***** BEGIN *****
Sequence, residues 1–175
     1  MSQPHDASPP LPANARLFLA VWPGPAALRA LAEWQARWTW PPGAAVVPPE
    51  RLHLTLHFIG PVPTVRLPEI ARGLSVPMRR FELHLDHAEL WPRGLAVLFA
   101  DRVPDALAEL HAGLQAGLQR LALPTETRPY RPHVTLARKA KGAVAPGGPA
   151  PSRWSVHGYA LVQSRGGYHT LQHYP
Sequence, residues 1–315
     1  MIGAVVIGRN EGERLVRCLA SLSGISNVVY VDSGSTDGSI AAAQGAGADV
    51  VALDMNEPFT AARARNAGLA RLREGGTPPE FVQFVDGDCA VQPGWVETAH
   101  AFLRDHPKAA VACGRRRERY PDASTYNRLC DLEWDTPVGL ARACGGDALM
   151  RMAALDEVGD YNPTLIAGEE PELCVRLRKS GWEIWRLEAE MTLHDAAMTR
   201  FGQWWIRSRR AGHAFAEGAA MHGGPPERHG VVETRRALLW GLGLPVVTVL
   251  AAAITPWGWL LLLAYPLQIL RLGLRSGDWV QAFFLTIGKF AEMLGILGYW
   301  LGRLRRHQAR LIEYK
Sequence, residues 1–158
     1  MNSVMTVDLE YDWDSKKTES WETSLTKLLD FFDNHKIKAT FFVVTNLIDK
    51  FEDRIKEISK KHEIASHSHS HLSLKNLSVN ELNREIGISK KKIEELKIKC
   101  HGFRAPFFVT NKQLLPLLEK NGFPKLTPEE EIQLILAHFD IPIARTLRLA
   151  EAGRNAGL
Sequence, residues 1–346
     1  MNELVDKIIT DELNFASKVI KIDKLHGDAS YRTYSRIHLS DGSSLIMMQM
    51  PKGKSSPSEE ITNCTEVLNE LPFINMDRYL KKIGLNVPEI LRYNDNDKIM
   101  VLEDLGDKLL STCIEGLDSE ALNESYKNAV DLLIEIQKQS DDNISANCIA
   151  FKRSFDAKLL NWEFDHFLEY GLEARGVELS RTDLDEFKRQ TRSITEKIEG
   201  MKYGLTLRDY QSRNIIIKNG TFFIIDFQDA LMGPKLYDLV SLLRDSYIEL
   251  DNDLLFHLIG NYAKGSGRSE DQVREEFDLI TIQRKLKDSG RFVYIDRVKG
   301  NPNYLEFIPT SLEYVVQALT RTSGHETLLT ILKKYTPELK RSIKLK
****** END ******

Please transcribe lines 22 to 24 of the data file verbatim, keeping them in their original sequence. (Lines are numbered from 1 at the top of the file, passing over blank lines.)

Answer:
   101  VLEDLGDKLL STCIEGLDSE ALNESYKNAV DLLIEIQKQS DDNISANCIA
   151  FKRSFDAKLL NWEFDHFLEY GLEARGVELS RTDLDEFKRQ TRSITEKIEG
   201  MKYGLTLRDY QSRNIIIKNG TFFIIDFQDA LMGPKLYDLV SLLRDSYIEL